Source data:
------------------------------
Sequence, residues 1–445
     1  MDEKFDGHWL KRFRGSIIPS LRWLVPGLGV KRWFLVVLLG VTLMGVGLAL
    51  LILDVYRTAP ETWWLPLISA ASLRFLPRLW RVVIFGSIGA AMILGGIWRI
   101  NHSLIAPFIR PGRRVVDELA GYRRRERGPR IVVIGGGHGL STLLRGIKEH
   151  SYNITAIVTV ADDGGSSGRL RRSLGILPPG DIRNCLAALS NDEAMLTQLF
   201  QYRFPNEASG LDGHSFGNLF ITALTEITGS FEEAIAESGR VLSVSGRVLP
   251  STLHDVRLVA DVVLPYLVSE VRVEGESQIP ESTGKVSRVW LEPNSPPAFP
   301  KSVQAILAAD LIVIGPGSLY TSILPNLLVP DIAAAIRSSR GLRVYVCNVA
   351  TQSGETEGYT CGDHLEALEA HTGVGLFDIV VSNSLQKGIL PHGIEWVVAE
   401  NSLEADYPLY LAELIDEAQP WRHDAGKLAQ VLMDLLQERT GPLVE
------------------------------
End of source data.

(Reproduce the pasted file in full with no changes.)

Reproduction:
Sequence, residues 1–445
     1  MDEKFDGHWL KRFRGSIIPS LRWLVPGLGV KRWFLVVLLG VTLMGVGLAL
    51  LILDVYRTAP ETWWLPLISA ASLRFLPRLW RVVIFGSIGA AMILGGIWRI
   101  NHSLIAPFIR PGRRVVDELA GYRRRERGPR IVVIGGGHGL STLLRGIKEH
   151  SYNITAIVTV ADDGGSSGRL RRSLGILPPG DIRNCLAALS NDEAMLTQLF
   201  QYRFPNEASG LDGHSFGNLF ITALTEITGS FEEAIAESGR VLSVSGRVLP
   251  STLHDVRLVA DVVLPYLVSE VRVEGESQIP ESTGKVSRVW LEPNSPPAFP
   301  KSVQAILAAD LIVIGPGSLY TSILPNLLVP DIAAAIRSSR GLRVYVCNVA
   351  TQSGETEGYT CGDHLEALEA HTGVGLFDIV VSNSLQKGIL PHGIEWVVAE
   401  NSLEADYPLY LAELIDEAQP WRHDAGKLAQ VLMDLLQERT GPLVE